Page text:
Jan 29

Where to Invest in 2010

by Patrick Rohe, CFP®

After the recent and extreme turmoil we have experienced in the financial markets, it seems like in every newspaper or magazine you can find an article about where to invest in 2010.  So, where do you put your retirement nest egg and what do you believe?

Times like these provide a good opportunity to reflect back on all that is important when it comes to investing.  So let’s put the magazine articles to the side and re-examine the important fundamentals that make up our investment philosophy.

There are few things you can control when it comes to investing, and the short-term direction of the market is not one of them.  Taking bets on the next hot stock or market sector is not the wisest way to rebuild your retirement portfolio.  The question of where to invest in 2010 should not be based upon current “hot stocks” proclaimed by the media, but rather by revisiting the fundamentals of sound, low-cost investing.

Our investment philosophy is based on the theory that markets work.  This means that we feel that any potential opportunity in a particular market sector or stock is already built into the price at which you can buy it.  So, choosing segments of the market to invest in just amplifies your investment risk to levels much too high to justify the potential returns.  Thus, let’s go over a few of the simple disciplines that not only make investing more simplistic, but also give you the best chance to meet your retirement goals.

The three factors that any investor has control over when it comes to investing are:

1.  The amount of risk taken in your retirement portfolio.
2.  The amount you save leading up to retirement.
3.  The amount you pay to be invested in those markets.

The amount of risk in your portfolio is a direct measure of how much risk you are willing to take, and also the amount of risk you need to take to reach your desired standard of living in retirement.  Unfortunately, these two factors are usually not the same, especially after the recent market decline, so finding a comfortable median that you can tolerate is usually the best solution.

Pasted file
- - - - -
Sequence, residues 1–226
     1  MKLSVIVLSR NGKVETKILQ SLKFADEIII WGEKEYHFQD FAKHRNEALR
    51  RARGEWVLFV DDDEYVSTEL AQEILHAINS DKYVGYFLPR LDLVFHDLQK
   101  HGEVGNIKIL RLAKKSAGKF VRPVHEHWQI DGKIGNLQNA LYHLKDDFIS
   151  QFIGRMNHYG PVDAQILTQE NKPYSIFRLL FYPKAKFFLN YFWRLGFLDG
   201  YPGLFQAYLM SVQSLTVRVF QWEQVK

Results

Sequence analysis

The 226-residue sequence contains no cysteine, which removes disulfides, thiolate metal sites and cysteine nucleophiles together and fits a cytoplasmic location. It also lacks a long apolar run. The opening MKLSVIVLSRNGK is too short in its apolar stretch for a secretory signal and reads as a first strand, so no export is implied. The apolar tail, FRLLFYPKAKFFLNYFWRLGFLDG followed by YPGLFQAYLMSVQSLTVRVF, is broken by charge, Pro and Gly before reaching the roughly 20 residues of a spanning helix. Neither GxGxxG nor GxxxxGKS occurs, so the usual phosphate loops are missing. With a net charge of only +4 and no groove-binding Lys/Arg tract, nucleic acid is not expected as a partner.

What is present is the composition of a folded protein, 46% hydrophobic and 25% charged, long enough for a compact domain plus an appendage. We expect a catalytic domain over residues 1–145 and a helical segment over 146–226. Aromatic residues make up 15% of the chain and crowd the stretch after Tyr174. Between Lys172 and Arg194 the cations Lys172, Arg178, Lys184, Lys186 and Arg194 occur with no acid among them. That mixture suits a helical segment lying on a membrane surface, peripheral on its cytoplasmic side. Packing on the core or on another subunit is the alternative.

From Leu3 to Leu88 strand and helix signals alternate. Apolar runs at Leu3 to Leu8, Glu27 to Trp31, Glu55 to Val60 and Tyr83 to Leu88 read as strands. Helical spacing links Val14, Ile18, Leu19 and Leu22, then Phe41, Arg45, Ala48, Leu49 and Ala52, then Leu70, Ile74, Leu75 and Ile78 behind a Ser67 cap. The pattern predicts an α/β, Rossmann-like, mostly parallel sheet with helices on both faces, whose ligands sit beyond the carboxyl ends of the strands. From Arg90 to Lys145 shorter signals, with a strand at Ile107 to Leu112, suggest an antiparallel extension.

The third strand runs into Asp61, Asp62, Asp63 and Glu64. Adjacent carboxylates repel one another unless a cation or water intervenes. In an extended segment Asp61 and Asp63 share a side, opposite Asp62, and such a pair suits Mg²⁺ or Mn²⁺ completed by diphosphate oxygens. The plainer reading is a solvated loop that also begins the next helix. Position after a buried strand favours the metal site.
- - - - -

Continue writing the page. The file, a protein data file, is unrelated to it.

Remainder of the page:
The amount you save is self explanatory and entirely up to you.  Everyone wishes they could save more, but unfortunately “life” finds ways to make that very challenging.

The amount you pay to be invested in the market is very important to us here at Rockbridge and is the cornerstone behind our investment philosophy.  By controlling and reducing investment costs, over time, we can add significant return to your retirement portfolio.  That is why our model portfolios are comprised of low-cost index funds, which have an average investment cost about 1% lower than the industry average.

By controlling these three components of the investment process, you give yourself a much better chance of reaching your long-term goals.  The main thing to remember here is that these are long-term goals, and in the process of reaching them there will be some obstacles along the way.  So do your best to ignore the short-term media and quick fixes that they propose, and keep your eye on the target and goals that make up your retirement!

About the Author

Patrick Rohe CFP is a Certified Financial Planner at Rockbridge. “Upon graduation from Cornell University, I was recruited by a large brokerage firm. After months of sales training and minimal help in understanding even the basics of investing, I quickly learned that the brokerage firm model was not for me. I then made the transition to Rockbridge, a fee-only financial planning firm, where I truly enjoy helping people and making a difference in their financial lives!”. Patrick is a graduate of the Applied Economics and Management and Animal Science (B.S.), Cornell University, and the CERTIFIED FINANCIAL PLANNER™, (CFP®) program. Learn more and/or Contact Patrick.


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